Culver City-based Walk ‘n Rollers is hosting a series of rides through the Westside on Saturday, September 29th, with family-friendly routes from eight to 22 miles. The same day, a pair of Valley rides roll along the Orange Line Bike Path and other nearby bikeways.

And Metro and C.I.C.L.E. are joining forces to promote the 2.5 hour, eight-mile Carmageddon Valley Ride on Sunday the 30th.

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The next BPIT meeting is scheduled for 1 – 4 pm on Tuesday, October 2nd. Instructors from the LAPD’s bike patrol patrol Interbike for new gear. Downtown will soon have an ice cream shop churned by bike power. CLR Effect looks at ways to carry your stuff on your bike; Boyonabike considers larger options. Cyclicious encounters the LACBC’s own Bobby Gadda as he makes his way back down the coast on his tallbike. Gary considers walk and bikenomics from last week’s Pro Walk/Pro Bike in Long Beach. The Bike League declares last week’s National Women’s Bicycling Summit, part of Pro Walk/Pro Bike, a huge success; they aren’t the only ones.

Fallen Newport Beach cyclist Sarah Leaf is described by friends as funny, inspirational and extraordinary. Maybe a selfish driver who forced a 4th grader out of a crosswalk isn’t such a petty complaint after all. Should be a great party next week, as BikeSD officially launches as a citywide bike advocacy group; any organization formed by Sam Ollinger has my unqualified support — and hopefully, yours, as well. San Diego could have a bike share program of their own as soon as next spring; L.A., Irvine and Long Beach provider Bike Nation is one of the contenders. An apparently suicidal cyclist reportedly rides his bike into the path of a Redlands driver. Evidently they get it in NorCal, as a Red Bluff man is sentenced to 11 years in prison for killing a 73-year old cyclist while driving under the influence; I just wish courts down here placed that much value on a human life. Then again, not so much in Lompoc, either.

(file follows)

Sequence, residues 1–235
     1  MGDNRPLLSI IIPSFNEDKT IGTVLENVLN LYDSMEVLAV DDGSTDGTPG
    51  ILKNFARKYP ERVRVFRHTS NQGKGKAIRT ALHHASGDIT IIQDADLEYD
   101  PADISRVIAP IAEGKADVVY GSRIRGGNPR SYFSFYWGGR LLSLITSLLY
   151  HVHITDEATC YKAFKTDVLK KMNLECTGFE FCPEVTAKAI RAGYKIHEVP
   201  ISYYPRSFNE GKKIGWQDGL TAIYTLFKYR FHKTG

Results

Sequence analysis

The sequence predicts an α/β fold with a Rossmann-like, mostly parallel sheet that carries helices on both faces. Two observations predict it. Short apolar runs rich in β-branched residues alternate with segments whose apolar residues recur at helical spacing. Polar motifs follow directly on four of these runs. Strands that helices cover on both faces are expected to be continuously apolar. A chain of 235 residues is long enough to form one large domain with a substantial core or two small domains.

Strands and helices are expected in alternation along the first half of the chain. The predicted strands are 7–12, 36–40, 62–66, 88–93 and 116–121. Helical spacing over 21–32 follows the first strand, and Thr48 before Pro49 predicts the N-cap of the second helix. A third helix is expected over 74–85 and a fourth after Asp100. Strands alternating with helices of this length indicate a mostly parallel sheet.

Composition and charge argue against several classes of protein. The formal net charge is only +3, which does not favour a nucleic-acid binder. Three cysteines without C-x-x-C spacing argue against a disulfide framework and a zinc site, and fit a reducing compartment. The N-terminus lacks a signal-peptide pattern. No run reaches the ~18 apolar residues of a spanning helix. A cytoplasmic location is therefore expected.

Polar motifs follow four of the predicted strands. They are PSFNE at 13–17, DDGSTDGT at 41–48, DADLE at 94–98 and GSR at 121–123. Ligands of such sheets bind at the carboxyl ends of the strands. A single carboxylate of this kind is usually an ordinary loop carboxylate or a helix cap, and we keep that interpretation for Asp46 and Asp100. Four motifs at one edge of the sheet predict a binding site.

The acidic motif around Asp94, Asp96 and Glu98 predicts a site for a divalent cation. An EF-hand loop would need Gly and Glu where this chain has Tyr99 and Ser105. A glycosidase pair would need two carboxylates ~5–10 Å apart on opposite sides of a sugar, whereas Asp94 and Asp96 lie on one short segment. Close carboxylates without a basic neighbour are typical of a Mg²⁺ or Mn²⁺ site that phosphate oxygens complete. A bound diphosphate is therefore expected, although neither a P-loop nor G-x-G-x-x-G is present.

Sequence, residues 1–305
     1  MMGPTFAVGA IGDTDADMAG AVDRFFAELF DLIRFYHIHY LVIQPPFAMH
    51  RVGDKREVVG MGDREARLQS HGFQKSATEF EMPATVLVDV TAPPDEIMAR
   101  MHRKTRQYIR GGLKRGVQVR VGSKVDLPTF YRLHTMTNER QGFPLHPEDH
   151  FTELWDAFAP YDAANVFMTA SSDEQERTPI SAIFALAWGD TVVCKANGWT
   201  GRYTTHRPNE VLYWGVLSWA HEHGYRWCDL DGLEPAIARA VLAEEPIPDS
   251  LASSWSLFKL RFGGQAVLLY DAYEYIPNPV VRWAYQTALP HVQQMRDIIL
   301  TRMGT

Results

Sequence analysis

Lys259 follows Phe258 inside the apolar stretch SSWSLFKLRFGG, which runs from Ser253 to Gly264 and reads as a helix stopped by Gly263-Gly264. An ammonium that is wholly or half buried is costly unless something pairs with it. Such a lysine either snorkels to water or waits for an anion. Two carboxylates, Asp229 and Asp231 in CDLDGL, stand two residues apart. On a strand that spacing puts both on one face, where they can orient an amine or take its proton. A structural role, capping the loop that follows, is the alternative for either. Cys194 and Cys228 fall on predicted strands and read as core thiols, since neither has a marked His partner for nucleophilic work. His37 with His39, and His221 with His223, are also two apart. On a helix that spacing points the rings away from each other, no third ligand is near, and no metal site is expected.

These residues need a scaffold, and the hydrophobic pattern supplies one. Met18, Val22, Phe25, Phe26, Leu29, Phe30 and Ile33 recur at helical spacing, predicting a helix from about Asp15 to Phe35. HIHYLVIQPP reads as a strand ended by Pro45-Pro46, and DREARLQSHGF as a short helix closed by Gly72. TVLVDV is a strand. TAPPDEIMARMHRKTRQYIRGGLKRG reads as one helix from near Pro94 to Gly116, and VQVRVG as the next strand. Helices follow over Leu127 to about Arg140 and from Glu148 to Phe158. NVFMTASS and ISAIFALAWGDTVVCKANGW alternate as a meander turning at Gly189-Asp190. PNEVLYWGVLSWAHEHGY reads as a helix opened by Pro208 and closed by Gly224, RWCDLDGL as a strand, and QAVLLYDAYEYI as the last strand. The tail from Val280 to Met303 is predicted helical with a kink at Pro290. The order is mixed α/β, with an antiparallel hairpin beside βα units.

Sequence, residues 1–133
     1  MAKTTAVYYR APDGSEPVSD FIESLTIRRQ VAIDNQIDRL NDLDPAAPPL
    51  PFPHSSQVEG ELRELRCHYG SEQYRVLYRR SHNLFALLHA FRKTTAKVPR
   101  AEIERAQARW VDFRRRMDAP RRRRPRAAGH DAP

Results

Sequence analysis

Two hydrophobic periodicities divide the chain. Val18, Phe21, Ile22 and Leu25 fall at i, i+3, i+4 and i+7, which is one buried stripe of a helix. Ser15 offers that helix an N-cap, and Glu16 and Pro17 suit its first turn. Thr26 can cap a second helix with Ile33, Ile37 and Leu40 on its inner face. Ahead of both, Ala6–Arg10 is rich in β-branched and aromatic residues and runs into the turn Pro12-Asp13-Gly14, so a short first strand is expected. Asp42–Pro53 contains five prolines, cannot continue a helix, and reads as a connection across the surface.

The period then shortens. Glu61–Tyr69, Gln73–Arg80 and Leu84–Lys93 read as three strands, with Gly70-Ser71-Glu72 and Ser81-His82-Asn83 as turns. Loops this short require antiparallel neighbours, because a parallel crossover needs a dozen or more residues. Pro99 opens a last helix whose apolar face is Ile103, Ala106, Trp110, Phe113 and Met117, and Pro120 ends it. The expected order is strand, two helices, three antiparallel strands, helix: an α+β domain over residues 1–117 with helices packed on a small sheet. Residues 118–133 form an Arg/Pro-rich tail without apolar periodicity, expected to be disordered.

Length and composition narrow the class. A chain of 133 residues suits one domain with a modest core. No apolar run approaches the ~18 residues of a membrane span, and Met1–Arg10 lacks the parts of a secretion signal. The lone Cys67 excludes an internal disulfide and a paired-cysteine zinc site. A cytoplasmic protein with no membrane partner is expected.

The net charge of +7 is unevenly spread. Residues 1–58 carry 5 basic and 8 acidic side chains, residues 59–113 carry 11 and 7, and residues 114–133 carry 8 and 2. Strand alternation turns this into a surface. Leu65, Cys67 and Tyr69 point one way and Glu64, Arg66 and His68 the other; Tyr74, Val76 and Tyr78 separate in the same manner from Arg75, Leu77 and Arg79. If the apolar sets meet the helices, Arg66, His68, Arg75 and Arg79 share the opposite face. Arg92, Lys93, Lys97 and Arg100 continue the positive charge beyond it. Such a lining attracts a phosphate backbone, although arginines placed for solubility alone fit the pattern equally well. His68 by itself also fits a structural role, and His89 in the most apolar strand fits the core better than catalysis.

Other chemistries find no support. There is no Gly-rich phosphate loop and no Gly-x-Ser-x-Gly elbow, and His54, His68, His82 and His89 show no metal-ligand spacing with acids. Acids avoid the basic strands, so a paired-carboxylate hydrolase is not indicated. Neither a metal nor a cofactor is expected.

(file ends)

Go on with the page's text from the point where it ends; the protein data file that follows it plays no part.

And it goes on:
CNN considers why young Americans are bypassing the automotive right of passage — without once mentioning the word bike. Bicycling interviews bicycling actor Patrick Dempsey. An Arizona writer looks at life differently after surviving a bicycling collision. The Colorado Highway Patrol is looking for a driver who honked behind two cyclists for several minutes rather than passing. A board member of advocacy group BikeTexas is run down from behind and killed while riding her bike. Both sides in a Chattanooga debate agree that cyclists need to do our part to avoid collisions; make that all three sides, as I concur. How to conquer your fears as a beginning cyclist. Boston Daily asks why so many cyclists are dying on the streets, suggesting a summer-long truce between bike riders and motorists has ended. New York decides safety is more important than speed for delivery riders. The New York Daily News says it’s time to rethink bike share if it’s going to succeed. Brooklyn cyclists complain about the latest obstacles blocking bike lanes. I love this turn of the century postcard. Philadelphia finds more riders mean fewer collisions — not accidents, thank you. A Florida man is under arrest for faking a hit-and-run collision; his story was done in by one of those seemingly ubiquitous security cameras. A beginner’s guide to not dying while biking in the Everglades.